When grain sorghum grew off a bit this season, the calls started coming in to Arkansas Extension weed scientist Ken Smith. “One day there wasn't anything. The next day, my phone lit up like a Christmas tree,” says Smith.
Almost everyone complained that his grain sorghum just didn't look right.
“I can't tell you how many fields I've walked this year — with county Extension agents and alone. What we've come up with is that most of what's being seen is due to atrazine.”
Atrazine is the spine of a grain sorghum program. Farmers are supposed to use atrazine all along — put out atrazine and come back with even more. That can work against farmers in certain situations though, says Smith, who spoke at the Arkansas Corn Board meeting in Stuttgart, Ark., on July 12.
“We had a short dry spell early this year and planted early. Everyone wanted to plant sorghum early so they could plant other crops like cotton or rice.
“When we did that we set ourselves up for some problems. Remember, grain sorghum is a warm/hot-season crop. It doesn't like cold weather at all. Cold grain sorghum is purple. But cold grain sorghum with atrazine is even more purple.”
A large portion of the grain sorghum yield has definitely been hurt by atrazine. While a good product, atrazine is always hard on the crop, says Smith.
“There are some people who plant grain sorghum, and there are some who farm it. There's a difference. Those who plant it may not put fertilizer down at the optimum time. The crop stresses, and atrazine causes further problems.
“I don't want to sound like I'm running atrazine down. It works very well. But it certainly hurt the crop this year.”
If the grain sorghum gets up and growing, atrazine won't hurt nearly as bad. However, two shots of atrazine will always be risky, says Smith.
“I just got an e-mail from Lannie Ashlock (Arkansas Extension soybean specialist). He's calling a meeting soon about nematode problems in Arkansas soybeans. The problems these things are causing in the state are terrible. If this continues, I'm guessing the number one response to nematodes will be a rotation to grain sorghum. We should see a whole lot more acres in sorghum soon,” says Smith.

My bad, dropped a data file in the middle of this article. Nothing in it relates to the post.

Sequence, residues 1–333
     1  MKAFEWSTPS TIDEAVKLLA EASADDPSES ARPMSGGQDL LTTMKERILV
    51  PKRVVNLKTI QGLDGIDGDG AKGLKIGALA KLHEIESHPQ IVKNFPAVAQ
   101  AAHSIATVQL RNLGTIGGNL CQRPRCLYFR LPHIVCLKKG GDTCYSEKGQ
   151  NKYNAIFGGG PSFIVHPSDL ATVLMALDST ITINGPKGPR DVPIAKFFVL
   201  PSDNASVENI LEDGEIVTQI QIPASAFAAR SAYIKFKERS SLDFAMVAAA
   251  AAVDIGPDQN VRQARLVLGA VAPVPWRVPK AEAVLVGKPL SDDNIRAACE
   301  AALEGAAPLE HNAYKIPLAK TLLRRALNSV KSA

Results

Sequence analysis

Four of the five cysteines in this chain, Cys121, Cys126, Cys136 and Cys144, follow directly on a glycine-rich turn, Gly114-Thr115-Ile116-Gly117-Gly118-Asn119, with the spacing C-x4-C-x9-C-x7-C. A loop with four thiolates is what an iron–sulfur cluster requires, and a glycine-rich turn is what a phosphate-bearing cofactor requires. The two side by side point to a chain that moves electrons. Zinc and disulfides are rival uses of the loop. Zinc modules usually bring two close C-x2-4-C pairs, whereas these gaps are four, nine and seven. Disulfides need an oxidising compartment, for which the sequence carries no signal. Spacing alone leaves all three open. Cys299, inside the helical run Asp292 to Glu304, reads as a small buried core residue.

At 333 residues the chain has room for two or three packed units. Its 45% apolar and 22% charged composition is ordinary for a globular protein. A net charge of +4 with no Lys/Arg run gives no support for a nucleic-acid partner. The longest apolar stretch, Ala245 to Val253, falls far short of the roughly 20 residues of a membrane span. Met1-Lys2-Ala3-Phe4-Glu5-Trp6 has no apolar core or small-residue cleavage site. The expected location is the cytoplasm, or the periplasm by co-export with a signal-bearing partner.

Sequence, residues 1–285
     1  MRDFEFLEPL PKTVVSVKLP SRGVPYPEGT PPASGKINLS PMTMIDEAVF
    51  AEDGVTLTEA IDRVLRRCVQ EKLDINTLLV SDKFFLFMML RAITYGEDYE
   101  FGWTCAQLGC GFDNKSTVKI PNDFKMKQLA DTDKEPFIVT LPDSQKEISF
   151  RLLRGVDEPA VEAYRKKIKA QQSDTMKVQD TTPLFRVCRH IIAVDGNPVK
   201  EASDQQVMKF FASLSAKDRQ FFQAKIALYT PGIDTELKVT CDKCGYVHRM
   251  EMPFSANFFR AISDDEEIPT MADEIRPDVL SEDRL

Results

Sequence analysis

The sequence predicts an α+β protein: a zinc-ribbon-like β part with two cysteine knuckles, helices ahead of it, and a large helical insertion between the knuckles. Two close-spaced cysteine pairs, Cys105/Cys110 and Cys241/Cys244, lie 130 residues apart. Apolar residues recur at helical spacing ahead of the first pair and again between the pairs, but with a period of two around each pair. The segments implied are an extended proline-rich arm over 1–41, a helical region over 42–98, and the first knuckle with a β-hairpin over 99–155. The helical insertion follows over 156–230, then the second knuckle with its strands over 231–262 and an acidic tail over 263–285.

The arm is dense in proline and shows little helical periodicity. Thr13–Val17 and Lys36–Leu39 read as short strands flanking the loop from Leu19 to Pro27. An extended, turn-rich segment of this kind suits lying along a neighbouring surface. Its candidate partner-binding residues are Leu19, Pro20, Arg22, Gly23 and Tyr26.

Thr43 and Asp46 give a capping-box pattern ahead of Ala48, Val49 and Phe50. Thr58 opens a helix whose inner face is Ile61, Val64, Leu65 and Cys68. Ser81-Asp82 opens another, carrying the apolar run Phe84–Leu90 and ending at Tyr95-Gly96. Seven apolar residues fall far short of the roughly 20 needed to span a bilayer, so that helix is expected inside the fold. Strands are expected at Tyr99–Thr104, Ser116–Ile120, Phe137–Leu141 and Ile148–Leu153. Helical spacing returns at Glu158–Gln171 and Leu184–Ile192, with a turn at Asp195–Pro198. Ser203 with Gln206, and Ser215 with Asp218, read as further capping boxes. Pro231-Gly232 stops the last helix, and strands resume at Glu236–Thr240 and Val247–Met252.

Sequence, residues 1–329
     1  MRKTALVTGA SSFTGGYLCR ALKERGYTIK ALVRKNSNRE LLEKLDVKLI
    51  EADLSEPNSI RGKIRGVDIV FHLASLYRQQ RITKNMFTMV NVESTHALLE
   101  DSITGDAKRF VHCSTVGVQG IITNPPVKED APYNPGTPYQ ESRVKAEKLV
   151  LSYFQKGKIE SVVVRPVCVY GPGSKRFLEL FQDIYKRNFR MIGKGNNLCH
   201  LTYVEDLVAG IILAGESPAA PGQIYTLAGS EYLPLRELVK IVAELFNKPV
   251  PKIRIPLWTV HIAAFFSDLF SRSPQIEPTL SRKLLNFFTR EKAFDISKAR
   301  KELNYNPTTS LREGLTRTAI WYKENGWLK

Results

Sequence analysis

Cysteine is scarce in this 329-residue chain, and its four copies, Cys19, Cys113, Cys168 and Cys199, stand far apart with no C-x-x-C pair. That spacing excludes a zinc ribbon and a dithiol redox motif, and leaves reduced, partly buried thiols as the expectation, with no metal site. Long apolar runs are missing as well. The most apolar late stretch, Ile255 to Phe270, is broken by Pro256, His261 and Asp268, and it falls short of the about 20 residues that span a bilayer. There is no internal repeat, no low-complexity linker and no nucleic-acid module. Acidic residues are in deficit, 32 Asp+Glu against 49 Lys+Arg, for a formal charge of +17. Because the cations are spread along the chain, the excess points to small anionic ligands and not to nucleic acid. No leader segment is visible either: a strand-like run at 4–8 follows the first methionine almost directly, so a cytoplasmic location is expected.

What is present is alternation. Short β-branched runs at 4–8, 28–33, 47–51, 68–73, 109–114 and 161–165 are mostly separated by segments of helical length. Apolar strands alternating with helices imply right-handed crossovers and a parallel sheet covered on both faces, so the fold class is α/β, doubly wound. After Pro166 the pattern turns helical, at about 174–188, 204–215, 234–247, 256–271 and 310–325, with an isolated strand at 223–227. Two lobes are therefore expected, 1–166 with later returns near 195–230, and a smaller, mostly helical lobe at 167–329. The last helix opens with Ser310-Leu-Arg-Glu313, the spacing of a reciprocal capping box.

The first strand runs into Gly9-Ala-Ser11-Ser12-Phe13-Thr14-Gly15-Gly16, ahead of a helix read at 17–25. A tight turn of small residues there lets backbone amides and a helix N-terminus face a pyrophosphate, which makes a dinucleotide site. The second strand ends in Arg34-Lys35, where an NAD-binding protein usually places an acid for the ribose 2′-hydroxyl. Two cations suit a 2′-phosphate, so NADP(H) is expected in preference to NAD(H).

If the problems continue, farmers may be forced to more grain sorghum on their soybean acreage whether they want to plant it or not.
Arkansas Extension grain sorghum specialist William Johnson agrees. “This year, we're slated for 160,000 to 170,000 acres of the crop. I think that may be a little low. There's probably 30,000 to 40,000 acres more than last year,” says Johnson.
The nematode situation in Arkansas soybeans could cause grain sorghum acreage to double next year. It has the potential to be a dramatic jump — maybe upwards of 300,000 acres, says Johnson.
If the crop does claim that many acres, it still won't reach the historical high mark. Arkansas once grew 750,000 to 900,000 acres of grain sorghum.
Smith says the crop's hardiness is undeniable. At one of the research stations where Smith works, “hail took out our soybeans and cotton. From the way it looked (after the storm), I wouldn't have given you 15 cents for all the grain sorghum on the station. But it's come back and looks to be a 3,000-pound or more crop — not too bad for a Memorial Day hailstorm that we thought had ruined the crop completely.”
Johnson says despite some concerns earlier, the crop looks very strong statewide.
“Farmers and Extension agents I've spoken with across the state are really high on the crop. Right now, farmers need to be scouting for midge flies. I've been getting some calls from farmers claiming they have no grain on sorghum heads.”
After asking a few questions, Johnson says, it becomes obvious the farmers have had the pests on their crop. Having midges on the crop during pollination leads to bad grain quality. While midge flies are not suspected of being too widespread, farmers should be vigilant in watching for the pest, says Johnson.
Harvest should start in extreme southeast Arkansas the first week of August.
Corn should be coming along the same time, “and it's looking like the best we've ever had. There are non-irrigated fields that will make 160 bushels. A lot of irrigated corn fields will push 200 bushels. This year's corn is simply beautiful,” says Johnson.
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